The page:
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International Financial Markets

International Financial Markets

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Published by: suslms3904 on Jan 11, 2009
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01/28/2012

International Financial Markets International Financial Markets serve as links between the financial markets of each individual country

and as independent markets outside the jurisdiction of any one country. The market for currencies is the heart of this international financial market. International trade and investment are often denominated in a foreign currency, so the purchase of the currency precedes the purchase of goods, services, or assets. This part of assignment provides some kind of detailed guide to the structure and functions of the foreign currency markets, international money markets, international capital markets and international securities markets.

The Foreign Currency Markets The market for foreign currencies is a world wide market that is informal in structure. This means that it has no central place, pit, or floor of the New York exchange, where the trading takes place. The “market” is the actually the thousands of telecommunications like among financial Institutions around the globe, and it is open 24 hours a day. Some one, some where, is nearly always open for business. Market size & Composition Until recently there was little data on the actual volume of trading on world foreign currency markets. Starting in the spring of 1986, however, the Federal Reserve Bank of New York, along with other industrial countries’ central banks through the auspices of the bank for International Settlements (BIS), started surveying the activity of currency trading every three years. Growth of foreign currency trading has been nothing less than astronomical. The survey results for the month of April 1998 indicate that daily foreign currency trading on worlds markets exceeded $1,500,000,000,000 (a trillion with a t). In comparison, the annual (not daily) U.S. government budget deficit has never exceeded $300 billion, and the U.S merchandize trade deficit has never topped $200 billion. The majority of the world’s trading in foreign currencies is still taking place in the cities where international financial activity is centered: London, New York, and Tokyo. A recent survey by the U.S Federal Reserve of currency trading by financial institutions and independent brokers in New York reveals additional information of interest. Approximately 66% of currency trading occurs in the morning hours (Eastern Standard Time), with 29% between noon & 4 p.m., and the remaining percent between 4 p.m., and 8 a.m. the next day. The reasons typically given for the enormous growth in foreign currency trading are: 1. Deregulation of International Capital Flows: it is easier than ever to move currencies and capital around the world without major governmental restrictions.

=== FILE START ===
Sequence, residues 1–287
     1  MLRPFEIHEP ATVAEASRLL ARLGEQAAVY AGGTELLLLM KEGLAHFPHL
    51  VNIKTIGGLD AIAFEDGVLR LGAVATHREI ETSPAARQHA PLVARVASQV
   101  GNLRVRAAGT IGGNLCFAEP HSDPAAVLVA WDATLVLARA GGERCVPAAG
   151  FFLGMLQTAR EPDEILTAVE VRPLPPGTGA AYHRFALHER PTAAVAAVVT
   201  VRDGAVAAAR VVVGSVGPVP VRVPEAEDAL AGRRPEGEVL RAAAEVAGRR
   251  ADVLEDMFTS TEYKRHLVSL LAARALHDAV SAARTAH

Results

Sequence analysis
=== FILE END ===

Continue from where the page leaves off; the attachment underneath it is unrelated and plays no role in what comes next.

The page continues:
Most of the deregulation that has characterized government policy over the past 10 to 15 years un the United States, Japan and the now European Union has focused on financial deregulation. 2. Gains in Technology and Transaction Cost Efficiency: it is faster, easier, and cheaper to move millions of dollars, yen or marks around the world than ever before. Technological advancements not only in the dissemination of information, but also in the conduct of exchange or trading, have added greatly to the ability of individuals working on these markets to conduct instanteous arbitrage (some would say speculation).